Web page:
Moderna, facing scrutiny of its corporate culture, names UMMS academic as CSO

Employment contract

Moderna has named Melissa Moore as CSO of its mRNA platform. The deep-pocketed biotech lured Moore from the University of Massachusetts Medical School (UMMS) to fill the gap left by ex-Millennium Pharmaceuticals CSO Joseph Bolen, who departed Moderna in October after two years in the role.

Moore arrives at Moderna with a track record of researching RNA and RNA-protein (RNP) complexes, from the basic structures of the molecules to their role in human diseases. Along the way, Moore has shed light on how mRNA is translated into proteins, explored the role of damaged RNA in neurodegenerative diseases, helped to found UMMS translational medicine group RNA Therapeutics Institute and discovered an inhibitor of the molecular machine known as the spliceosome.

What Moore hasn’t done, until now, is serve as CSO of a biotech.

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Given that Moore has taken the CSO role at the world’s most closely watched private drug developer, she is unlikely to have much time to find her feet. And, from an industry reputation perspective, Moore has big boots to fill. With a decade of success at Millennium behind him, Bolen looked like a copper-bottomed hire. But, two years after his high-profile appointment, Bolen left via the backdoor, with a “resigned” status on LinkedIn the only public indication of his departure.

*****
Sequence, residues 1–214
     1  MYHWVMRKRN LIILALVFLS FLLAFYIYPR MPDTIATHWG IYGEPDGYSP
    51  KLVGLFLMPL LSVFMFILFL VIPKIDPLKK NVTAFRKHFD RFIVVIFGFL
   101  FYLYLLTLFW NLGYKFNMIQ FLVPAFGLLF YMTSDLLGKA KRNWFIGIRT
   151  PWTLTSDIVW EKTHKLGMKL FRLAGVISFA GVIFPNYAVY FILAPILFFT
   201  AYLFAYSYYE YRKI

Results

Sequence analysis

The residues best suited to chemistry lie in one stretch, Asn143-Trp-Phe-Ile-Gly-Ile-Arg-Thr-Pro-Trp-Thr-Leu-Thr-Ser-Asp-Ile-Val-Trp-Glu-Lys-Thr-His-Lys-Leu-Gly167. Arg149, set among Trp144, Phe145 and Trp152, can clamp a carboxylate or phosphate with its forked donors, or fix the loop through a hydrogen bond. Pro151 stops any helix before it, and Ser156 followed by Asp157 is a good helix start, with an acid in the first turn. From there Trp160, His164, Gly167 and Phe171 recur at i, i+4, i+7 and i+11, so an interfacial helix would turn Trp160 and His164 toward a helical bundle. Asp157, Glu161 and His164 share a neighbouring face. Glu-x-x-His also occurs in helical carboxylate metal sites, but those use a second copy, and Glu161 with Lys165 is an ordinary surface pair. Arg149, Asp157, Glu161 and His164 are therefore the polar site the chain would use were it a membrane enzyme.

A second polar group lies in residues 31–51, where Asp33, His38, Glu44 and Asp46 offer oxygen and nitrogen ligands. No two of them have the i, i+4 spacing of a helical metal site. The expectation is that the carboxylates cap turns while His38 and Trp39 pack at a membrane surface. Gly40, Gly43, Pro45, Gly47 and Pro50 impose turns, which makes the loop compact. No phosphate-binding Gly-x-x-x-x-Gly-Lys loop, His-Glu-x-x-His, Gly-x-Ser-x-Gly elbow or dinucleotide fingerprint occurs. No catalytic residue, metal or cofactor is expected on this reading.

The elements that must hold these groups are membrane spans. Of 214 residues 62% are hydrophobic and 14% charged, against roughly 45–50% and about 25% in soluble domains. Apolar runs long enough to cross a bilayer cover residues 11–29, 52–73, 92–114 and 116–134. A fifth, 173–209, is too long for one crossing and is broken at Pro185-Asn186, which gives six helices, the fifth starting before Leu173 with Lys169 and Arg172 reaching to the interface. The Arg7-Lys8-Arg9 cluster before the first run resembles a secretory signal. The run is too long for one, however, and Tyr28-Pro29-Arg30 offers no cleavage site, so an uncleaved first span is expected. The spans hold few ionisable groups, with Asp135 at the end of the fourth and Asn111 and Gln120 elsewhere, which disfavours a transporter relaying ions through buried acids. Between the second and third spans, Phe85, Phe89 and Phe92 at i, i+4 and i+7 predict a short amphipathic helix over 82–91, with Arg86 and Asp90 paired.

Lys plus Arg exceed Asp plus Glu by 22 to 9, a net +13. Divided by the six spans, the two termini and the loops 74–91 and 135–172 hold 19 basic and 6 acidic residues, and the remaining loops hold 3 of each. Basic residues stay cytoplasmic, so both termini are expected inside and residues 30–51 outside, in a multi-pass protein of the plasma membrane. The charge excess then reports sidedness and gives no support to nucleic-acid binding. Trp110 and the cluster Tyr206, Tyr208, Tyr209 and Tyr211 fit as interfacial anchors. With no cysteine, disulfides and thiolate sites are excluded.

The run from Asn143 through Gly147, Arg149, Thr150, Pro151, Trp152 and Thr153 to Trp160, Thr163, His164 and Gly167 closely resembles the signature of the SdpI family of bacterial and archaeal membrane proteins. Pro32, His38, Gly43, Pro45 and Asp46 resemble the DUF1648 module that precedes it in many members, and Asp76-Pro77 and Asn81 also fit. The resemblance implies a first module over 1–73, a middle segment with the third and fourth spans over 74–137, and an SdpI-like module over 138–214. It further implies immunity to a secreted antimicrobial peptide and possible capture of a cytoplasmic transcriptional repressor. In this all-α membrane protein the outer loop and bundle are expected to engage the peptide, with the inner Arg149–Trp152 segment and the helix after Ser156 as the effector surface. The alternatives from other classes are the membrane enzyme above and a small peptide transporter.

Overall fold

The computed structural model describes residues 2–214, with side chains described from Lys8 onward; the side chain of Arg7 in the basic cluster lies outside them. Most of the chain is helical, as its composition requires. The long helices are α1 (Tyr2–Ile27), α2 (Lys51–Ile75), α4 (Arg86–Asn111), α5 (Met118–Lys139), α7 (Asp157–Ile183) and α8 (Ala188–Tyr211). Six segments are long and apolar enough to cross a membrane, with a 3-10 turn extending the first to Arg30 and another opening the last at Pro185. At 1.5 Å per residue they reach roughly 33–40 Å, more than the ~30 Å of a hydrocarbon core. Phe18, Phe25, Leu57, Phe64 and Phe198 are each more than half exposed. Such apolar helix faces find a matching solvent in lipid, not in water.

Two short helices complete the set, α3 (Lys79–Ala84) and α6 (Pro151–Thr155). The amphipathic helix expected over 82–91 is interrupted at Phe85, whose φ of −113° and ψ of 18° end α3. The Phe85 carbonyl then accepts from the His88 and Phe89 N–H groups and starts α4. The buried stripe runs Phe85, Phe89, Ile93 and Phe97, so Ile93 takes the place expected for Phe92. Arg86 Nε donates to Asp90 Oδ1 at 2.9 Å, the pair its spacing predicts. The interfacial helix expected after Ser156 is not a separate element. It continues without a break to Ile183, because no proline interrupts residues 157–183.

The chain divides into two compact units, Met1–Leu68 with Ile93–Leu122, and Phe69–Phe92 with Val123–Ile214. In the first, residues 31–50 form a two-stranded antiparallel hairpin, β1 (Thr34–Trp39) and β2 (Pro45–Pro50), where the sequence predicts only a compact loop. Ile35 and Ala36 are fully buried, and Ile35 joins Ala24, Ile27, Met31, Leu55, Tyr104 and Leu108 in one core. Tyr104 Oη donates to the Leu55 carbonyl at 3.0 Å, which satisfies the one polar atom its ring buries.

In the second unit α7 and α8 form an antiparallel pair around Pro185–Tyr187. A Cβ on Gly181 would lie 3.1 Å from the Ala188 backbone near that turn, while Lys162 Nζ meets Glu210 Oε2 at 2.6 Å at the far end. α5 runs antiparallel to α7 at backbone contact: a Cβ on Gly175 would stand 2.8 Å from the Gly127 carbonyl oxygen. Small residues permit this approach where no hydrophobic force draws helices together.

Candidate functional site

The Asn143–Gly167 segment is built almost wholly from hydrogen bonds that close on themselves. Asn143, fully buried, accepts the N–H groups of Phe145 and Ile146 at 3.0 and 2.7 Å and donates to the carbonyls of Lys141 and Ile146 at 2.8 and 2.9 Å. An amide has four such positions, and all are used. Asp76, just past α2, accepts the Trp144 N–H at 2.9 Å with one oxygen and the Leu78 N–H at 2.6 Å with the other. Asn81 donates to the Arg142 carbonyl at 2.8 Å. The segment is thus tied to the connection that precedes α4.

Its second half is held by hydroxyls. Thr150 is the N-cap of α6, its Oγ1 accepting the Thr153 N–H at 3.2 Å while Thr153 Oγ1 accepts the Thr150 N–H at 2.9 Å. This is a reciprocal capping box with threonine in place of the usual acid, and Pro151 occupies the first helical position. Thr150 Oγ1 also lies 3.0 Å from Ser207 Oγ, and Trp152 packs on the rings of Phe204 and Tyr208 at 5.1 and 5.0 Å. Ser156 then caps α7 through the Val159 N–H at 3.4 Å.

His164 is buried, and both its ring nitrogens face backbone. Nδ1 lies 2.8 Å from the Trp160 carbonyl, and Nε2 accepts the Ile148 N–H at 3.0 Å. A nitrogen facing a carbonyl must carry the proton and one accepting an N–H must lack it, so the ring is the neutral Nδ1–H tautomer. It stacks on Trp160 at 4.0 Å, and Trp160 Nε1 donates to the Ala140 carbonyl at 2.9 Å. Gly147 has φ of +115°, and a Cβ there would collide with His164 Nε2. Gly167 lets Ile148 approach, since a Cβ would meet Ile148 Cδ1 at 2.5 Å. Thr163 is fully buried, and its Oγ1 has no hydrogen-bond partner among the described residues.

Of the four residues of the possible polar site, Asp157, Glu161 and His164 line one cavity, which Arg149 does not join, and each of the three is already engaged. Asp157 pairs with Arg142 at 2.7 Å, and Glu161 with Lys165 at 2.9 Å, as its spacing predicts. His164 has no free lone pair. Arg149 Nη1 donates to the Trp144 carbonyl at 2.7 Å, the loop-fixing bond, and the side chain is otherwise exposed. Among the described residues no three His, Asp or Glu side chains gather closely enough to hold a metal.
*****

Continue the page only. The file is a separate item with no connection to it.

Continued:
The circumstances of Bolen’s exit--and what they say about the corporate culture at Moderna--are one of the subjects of a lengthy feature in Stat. According to anonymous insiders quoted in the feature, Bolen saw his sphere of influence within Moderna chipped away by the appointment of other executives until he was left overseeing “a postage stamp”-sized operation. Moderna CEO Stéphane Bancel doesn’t dispute the changes to the power structure during Bolen’s time at the firm but maintains the departure was amicable.

That story is one of several in the feature that paint Moderna as the biotech equivalent of Amazon, a secretive company known for driving its employees particularly hard. Ex-employees of both companies describe working environments that quickly and remorselessly filter out anyone who doesn’t quickly meet their exacting standards.

Or, as Moderna CFO Lorence Kim puts it: “We force everyone to grow with the company at unprecedented speed. Some people grow with the company; others don’t.”

Yet Moderna, which released news of Moore’s appointment hours after the Stat feature went live, is publicly trying to present itself as a company with a more supporting culture than that of the brutal, dog-eat-dog environment sketched in media coverage.

“We have been looking for an exceptional scientific leader with expertise across molecular and cellular biology, biochemistry and bioinformatics of mRNA to direct our basic science research efforts,” Moderna President Dr. Stephen Hoge said in a statement. “But, just as important, we have been looking for someone who could mentor and inspire Moderna’s large and growing scientific team.”

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